Lt. Leon A. Gilbert refused a direct order to take his men back into the fight. He was given a chance to change his mind, on the threat of a treason charge, “No,” he said, “I’ll get killed.” Gilbert was tried and given the death sentence, but Truman intervened and cut the sentence down to 20 years. Following his sentencing, mass court-martialing of whole units of the 24th ensued.

The embarrassing facts about the war gradually made their way out even as reporters made their headlines out of the smallest of victories. Truman carefully chose his words to retain public support from here on out. I believe it is becoming clear why many of us learned very little of this war during our school years.

Click photos to enlarge.

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Farewell Salutes –

Edward O’Hara – Phoenix, AZ; U.S. Navy, PT boat radioman, WWII

Hugh Sisler – Friendsville, ME; U.S. Navy, WWII Aleutians and Okinawa

Alice Magruder Thompson – born 1914, Washington D.C.; pilot with the Civil Air Patrol & administrative aide Dept. Of Navy

Frederick Walton, Jr. – Maryland; U.S. Air Force, WWII

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Resources: “MacArthur’s War” by Stanley Weintraub; militarymuseum. org; history.army.org; Wikipedia; “Warfare of the 20th Century” by Christopher Chant; history.navy.mil; “Korean War” by Stephen Badsey

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Be sure to tune in for my latest guest post for Greatest Generation Lessons this coming Tuesday, “Rationing Gone Wild” is a step back in time for the home front. See you there.

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About GP Cox

Everett Smith served with the Headquarters Company, 187th Regiment, 11th A/B Division during WWII. This site is in tribute to my father, "Smitty." GPCox is a member of the 11th Airborne Association. Member # 4511 and extremely proud of that fact!

Posted on August 10, 2013, in Korean War, Uncategorized and tagged , , , , , , , , . Bookmark the permalink. 64 Comments.

  1. Interesting article! Please visit and follow my recently created blog at http://publishistory.wordpress.com/ (I’ll follow you back!) It contains history articles on a variety of subjects written by myself and friends from university 🙂

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  2. Clarifying: That “bugout” unit was the 24th Infantry Regiment, which was part of the 25th Division. Thus it was not under Dean, who commanded the 24th Division. Those numbers have confused historians and journalists and memorists for years.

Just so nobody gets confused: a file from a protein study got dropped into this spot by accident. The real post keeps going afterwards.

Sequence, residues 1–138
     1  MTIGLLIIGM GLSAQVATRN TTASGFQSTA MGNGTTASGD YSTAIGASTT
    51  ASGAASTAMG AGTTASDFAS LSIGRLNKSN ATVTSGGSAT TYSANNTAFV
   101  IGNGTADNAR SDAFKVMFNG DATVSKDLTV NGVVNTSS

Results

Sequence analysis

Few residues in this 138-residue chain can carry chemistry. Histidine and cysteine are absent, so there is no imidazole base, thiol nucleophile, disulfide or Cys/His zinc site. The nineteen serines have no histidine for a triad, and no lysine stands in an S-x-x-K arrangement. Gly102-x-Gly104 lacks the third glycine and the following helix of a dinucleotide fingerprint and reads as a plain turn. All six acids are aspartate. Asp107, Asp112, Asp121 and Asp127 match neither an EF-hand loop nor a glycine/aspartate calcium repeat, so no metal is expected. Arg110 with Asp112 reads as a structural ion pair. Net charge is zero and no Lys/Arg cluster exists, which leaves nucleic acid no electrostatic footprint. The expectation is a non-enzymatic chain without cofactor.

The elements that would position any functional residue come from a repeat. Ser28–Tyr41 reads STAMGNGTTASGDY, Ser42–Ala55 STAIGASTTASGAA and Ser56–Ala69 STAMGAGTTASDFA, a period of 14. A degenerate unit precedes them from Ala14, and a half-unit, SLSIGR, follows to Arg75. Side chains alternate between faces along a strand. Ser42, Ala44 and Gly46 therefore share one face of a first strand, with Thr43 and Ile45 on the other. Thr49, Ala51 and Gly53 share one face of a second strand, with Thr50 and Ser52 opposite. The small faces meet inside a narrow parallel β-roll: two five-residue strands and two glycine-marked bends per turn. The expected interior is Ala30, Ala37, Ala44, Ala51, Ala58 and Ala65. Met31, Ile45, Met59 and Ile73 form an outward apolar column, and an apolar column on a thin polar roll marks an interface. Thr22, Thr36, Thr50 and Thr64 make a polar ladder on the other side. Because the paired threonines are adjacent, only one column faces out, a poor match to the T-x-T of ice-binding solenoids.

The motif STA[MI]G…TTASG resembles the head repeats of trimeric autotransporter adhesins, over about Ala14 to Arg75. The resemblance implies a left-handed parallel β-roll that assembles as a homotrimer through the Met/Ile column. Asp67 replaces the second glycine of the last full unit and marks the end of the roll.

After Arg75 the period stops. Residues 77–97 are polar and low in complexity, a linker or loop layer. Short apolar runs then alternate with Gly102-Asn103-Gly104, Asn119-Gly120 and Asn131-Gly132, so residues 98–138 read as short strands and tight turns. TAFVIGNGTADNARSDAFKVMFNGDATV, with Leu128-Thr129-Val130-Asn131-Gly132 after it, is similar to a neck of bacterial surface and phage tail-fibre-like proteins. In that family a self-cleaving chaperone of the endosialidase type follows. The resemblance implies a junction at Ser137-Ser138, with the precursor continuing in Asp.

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  3. I remember not learning much about the Korea and nothing at all about Vietnam in high school. It wasn’t until college that anything substantial was taught. Thank you for putting this information together.

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  4. Pierre Lagacé

    I know I have said this many times, but the comment section is so interesting.

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  5. It’s so true. Everyone talks/talked about the First and Second World Wars but you rarely hear anything about Korea. I’m glad you’re writing this.

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    • I didn’t originally plan on it, but it seems more than one reader is enjoying it, so I’m glad I did. I don’t think many of us DID learn much about this war – schools just sort of skimmed passed it.

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  6. Wasn’t there an old saying, “Ye shall know the truth and the truth shall set you free”? So glad you are filling us in on what really happened.

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    • You are more than welcome, Bev. I appreciate you taking your time to be such a loyal reader. I look forward to your comments after each post, a most welcome guest here.

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  7. gpcox – I believe it is becoming clear why many of us learned very little of this war during our school years. – “I think it’s crystal….”

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  8. If only Acheson paid more attention in 1949. Not much evidence to show that he ever considered expanding the Truman doctrine beyond Europe and the Med. sphere.

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  9. I’m fascinated by Lt. Gilbert refusing a direct order, preferring a court marshal and treason charges. What the 24th went through and was being asked to face again must have been truly horrific for treason to seem the better choice. Again, fascinating.

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  10. Thanks for another great post . It’s well researched and written , but it brings up more questions than it answers , doesn’t it ? That’s what make it a great post .

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  11. I wonder what people will learn 50 years from now about our current military actions . . . politicians will likely still be sending troops to fight our “war against terrorism”.

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    • God help the younger generation if that’s true!! Frankly, I don’t think the U.S. can stand to be the “world’s big brother” anymore. The finances, and body count just can’t hold up.

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      • . . . once you act the part of big brother, it’s difficult to walk away from it. Different scale, but I know from experience. Essentially, one’s intervention, good or bad has consequences.

        Worse yet, in some situations we are essentially the only ones who can; that too was a decision which carries consequences; having and maintaining the most powerful military in the world makes it easier for leaders with little vision and even less wisdom to rely on it as if it magically could fix the world’s ills.

        I think we’ll be paying for our current actions for a long time.

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  12. What a great post! It’s really great to have a chance to get some real history that isn’t altered to suit the moment, like so much is. Thanks for all of the work you have put into sharing this!